Vaccines

Stanford researchers warn measles could spread as vaccination rates decline

Pharmacist Jenny G (did not want to give last name, administers a MMR (measles, mumps and rubella) to a man who did not want to be photographed at Walgreens in San Jose, Calif., on Monday, Jan. 26, 2015. (Nhat V. Meyer/Bay Area News Group)
A pharmacist administers an MMR vaccine to a man at a Walgreens in San Jose, Calif., on Monday, Jan. 26, 2015.

As vaccination coverage declines in states that let people opt out of immunizations for personal beliefs, researchers from Stanford University warn there could be serious consequences ahead.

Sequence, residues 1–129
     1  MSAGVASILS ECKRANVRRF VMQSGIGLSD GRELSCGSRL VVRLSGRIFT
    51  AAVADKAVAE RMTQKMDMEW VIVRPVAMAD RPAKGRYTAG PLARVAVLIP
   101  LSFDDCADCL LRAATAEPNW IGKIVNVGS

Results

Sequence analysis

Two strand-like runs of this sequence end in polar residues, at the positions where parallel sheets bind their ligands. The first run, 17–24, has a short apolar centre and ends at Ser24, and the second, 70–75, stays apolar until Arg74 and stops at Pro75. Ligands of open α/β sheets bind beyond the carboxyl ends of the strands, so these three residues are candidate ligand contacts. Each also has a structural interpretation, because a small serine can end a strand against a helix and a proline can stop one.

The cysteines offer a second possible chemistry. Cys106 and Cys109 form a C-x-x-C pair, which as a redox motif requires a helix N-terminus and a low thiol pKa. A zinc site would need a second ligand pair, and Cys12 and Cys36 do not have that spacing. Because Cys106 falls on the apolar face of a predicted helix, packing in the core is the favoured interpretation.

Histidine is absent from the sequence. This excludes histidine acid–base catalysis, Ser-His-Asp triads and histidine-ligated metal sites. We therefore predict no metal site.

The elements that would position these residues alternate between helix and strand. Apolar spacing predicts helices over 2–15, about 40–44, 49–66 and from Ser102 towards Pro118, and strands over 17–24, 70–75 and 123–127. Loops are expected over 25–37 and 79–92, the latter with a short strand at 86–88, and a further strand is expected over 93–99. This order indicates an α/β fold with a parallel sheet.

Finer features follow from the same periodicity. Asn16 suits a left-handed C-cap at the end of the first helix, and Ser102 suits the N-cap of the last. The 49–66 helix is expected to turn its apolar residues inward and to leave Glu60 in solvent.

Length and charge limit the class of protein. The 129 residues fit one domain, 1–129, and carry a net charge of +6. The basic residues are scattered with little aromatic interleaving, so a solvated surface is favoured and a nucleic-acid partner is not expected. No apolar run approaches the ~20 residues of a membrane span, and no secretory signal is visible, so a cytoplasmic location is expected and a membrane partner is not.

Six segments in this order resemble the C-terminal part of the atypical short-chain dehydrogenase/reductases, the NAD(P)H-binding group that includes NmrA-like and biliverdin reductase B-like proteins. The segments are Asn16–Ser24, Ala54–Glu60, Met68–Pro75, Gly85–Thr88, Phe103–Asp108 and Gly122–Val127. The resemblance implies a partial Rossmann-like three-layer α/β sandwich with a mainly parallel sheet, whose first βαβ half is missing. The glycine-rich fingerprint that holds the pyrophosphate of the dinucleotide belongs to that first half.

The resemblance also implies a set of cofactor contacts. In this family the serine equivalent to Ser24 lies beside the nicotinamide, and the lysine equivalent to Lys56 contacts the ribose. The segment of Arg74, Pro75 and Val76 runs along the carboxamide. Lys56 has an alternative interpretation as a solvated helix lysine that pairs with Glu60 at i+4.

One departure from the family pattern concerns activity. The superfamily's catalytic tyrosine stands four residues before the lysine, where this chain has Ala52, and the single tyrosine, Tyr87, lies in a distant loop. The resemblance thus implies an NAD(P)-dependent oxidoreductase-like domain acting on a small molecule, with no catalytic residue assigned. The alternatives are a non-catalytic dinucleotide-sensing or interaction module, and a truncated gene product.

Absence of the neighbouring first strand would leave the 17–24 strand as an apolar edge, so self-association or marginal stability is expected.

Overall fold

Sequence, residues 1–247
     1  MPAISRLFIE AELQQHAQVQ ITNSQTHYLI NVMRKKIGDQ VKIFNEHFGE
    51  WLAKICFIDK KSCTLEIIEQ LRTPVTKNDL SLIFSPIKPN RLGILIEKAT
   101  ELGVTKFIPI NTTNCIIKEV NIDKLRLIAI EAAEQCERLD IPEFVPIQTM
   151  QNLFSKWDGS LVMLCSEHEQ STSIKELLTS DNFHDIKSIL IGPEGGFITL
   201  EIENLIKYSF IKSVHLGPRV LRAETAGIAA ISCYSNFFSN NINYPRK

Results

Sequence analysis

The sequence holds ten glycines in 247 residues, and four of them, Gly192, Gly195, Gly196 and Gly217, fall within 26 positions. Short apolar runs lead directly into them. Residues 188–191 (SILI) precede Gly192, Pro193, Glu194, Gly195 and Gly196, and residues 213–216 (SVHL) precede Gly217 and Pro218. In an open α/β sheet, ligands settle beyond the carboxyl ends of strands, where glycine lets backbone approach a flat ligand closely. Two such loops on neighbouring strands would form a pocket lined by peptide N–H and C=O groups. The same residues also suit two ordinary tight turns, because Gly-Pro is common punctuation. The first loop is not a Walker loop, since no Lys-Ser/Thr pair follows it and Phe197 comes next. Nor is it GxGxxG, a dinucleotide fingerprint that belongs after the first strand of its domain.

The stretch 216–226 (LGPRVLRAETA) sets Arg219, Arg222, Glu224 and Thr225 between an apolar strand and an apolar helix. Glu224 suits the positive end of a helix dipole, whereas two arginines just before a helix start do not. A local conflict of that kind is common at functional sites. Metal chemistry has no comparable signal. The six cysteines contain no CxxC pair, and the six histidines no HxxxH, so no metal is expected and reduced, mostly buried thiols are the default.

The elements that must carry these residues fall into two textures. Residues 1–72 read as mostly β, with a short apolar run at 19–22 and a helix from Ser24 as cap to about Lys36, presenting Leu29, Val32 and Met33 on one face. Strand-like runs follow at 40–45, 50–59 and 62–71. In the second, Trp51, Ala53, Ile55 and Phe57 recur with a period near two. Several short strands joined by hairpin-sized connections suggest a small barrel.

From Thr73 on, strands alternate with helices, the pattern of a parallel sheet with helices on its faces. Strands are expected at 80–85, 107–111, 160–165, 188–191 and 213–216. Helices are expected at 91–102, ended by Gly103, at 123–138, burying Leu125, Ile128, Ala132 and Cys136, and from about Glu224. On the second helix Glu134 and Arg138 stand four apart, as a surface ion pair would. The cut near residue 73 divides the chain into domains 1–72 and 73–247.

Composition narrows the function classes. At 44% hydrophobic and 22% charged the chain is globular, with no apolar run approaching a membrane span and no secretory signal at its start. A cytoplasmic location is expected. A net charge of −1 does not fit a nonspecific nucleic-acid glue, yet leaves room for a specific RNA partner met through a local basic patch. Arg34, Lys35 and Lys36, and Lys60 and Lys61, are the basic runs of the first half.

In a new study, scholars at Stanford’s School of Medicine and the Baylor College of Medicine find that slight declines in childhood measles vaccinations would cause disproportionately big increases in measles cases and public health costs. According to the study, published this week in JAMA Pediatrics, if just 5 percent fewer children in the 2-11 age range were inoculated against the measles, mumps and rubella (the MMR vaccine), the number of annual measles cases among that group would triple. That would raise public health costs by at least $2.1 million a year, according to…